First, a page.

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"Lowndes County, AL"

American Foundation on Nonviolence

As Honorary Chairman of the American Foundation on Nonviolence, Dr. King presents a draft letter in which he calls for individuals to tackle the issues of voter registration, non-violence training, and protection of civil rights leaders by joining the organization and serving on its Board of Directors. Dr. King himself pledges $25,000 of his Nobel Peace Prize funds to the American Foundation on Nonviolence.

Black Power: Two Views

James Peck, a white civil rights activist, writes an article concerning the path of the Civil Rights Movement. He is beginning to notice that black power and black racism are taking over organizations that had been focused on nonviolence and racial equality.

Dr. Abernathy Says Full Steam Ahead in '67

Dr. Abernathy recaps accomplishments of the Southern Christian Leadership Conference for 1966. He states several objectives for the organization's efforts for 1967.

How Do You View the Progress in School Desegregation?

In this special for the New York Times, Dr. King shares his opinion on the progress made in desegregating schools.

Letter from Joe Johnson and Lewis Black to Robert Swann

Members of the Southwest Alabama Farmers Cooperative Association send this letter of appreciation to the International Independence Institute.

Letter from Silas Norman to MLK

Silas Norman, State Project Director of the Alabama SNCC, writes Dr. King to inform him that they have not received a response from a past telegram inviting him to speak at a rally in Lowndes County, Alabama.

MLK Address to the Tenth Anniversary Convention of the SCLC

Dr. King, at the Tenth Anniversary Convention of the Southern Christian Leadership Conference, addresses numerous civil rights issues the organization is addressing throughout America.

Operation Freedom Helps In Selma

This document provides details about three specific individuals from Selma who were fired from their jobs after their employers learned of their participation in the Civil Rights Movement. Unemployed and on the verge of disaster, Operation Freedom stepped in and provided financial aid to the three individuals, to cover the cost of food, housing, transportation and medical care.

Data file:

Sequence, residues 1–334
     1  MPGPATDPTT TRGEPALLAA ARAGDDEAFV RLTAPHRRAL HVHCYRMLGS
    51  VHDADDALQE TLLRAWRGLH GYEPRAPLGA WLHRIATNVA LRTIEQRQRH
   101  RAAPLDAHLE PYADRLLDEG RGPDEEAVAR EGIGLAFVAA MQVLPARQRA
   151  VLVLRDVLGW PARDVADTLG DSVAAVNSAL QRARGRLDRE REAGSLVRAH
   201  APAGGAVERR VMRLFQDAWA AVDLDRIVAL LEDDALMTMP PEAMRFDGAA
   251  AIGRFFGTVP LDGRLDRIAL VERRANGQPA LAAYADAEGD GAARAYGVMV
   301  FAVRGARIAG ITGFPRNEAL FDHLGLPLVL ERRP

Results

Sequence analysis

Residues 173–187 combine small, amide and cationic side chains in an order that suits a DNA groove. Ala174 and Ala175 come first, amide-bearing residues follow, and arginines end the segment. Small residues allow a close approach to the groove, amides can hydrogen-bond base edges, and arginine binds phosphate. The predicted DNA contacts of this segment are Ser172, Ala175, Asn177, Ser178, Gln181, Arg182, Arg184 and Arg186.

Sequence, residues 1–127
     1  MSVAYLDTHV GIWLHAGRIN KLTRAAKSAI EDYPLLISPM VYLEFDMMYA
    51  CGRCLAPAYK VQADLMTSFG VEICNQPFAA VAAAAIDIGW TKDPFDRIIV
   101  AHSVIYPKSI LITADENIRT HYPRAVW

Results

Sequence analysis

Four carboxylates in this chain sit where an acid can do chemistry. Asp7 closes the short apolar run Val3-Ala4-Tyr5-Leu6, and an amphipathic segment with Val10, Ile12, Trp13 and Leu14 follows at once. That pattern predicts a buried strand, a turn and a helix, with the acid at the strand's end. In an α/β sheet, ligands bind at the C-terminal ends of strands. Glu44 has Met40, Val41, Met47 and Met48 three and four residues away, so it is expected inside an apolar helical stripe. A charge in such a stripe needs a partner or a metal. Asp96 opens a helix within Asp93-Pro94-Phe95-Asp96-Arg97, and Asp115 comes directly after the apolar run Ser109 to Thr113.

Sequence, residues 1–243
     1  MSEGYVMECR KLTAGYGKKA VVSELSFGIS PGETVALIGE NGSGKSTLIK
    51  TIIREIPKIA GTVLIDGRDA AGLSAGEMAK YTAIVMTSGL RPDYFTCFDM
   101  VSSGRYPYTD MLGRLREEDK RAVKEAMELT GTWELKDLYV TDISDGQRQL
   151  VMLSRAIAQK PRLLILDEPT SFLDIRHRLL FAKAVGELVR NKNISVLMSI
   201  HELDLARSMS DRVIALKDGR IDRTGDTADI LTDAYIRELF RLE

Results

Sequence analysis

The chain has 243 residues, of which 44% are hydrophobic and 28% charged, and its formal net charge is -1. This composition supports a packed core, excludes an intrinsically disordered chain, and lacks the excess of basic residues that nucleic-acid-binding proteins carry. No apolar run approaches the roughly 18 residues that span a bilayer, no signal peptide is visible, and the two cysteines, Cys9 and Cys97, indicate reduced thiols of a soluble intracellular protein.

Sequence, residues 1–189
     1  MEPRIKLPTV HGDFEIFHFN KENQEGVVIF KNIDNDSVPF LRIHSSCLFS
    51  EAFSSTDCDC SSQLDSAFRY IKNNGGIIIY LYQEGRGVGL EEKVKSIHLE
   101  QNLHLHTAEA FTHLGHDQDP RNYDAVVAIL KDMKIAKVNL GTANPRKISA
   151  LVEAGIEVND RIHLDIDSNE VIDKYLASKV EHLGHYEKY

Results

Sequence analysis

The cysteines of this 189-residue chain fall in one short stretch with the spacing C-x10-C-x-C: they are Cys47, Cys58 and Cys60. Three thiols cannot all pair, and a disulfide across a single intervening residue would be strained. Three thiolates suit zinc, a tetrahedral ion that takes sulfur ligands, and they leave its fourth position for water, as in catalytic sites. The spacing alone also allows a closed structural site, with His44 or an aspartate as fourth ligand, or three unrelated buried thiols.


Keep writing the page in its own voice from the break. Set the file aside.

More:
Rural Negros Start New Program

This press release from the SCLC informs the public that the self-help program of education for seasonal farm workers in Wilcox County, Alabama has officially opened. Along with the help of the federal office of Economic Opportunity, the SCLC wishes to create hope for neglected rural families. Also, to make this program a success, the antipoverty agency funded about $250 as well as a federal grant of $300 to help in financing this project.

SCLC News Bulletin

This SCLC bulletin to supporters details the organization's progress in numerous locations, including its growing presence in northern cities such as Cleveland, Operation Breadbasket in Chicago, and the Citizenship Education Program. A "Fiscal Facts" section stresses that Dr. King receives no salary from SCLC, nor any other income from his work with the organization.

Statement from the Commission on Civil Rights

Clarence H. Hunter issued this statement to share the news that the U.S. Commission on Civil Rights would be holding a public hearing in Montgomery, Alabama to collect information regarding the condition of African Americans in Alabama. Hunter states the purpose of the Commission's investigation and names the notable members of the investigation.

Telegram to MLK from H. Rap Brown

Police brutality in the black communities of Prattville, Alabama prompts this request sent to Dr. King, which seeks immediate federal investigation and protection of black prisoners.

The Story of Snick

"From Freedom High to Black Power," by Gene Roberts, describes the opposing views voiced by SNCC and Dr. King regarding the civil rights movement. SNCC asserts a message of violence and black power, while Dr. King promotes a philosophy of love and nonviolence.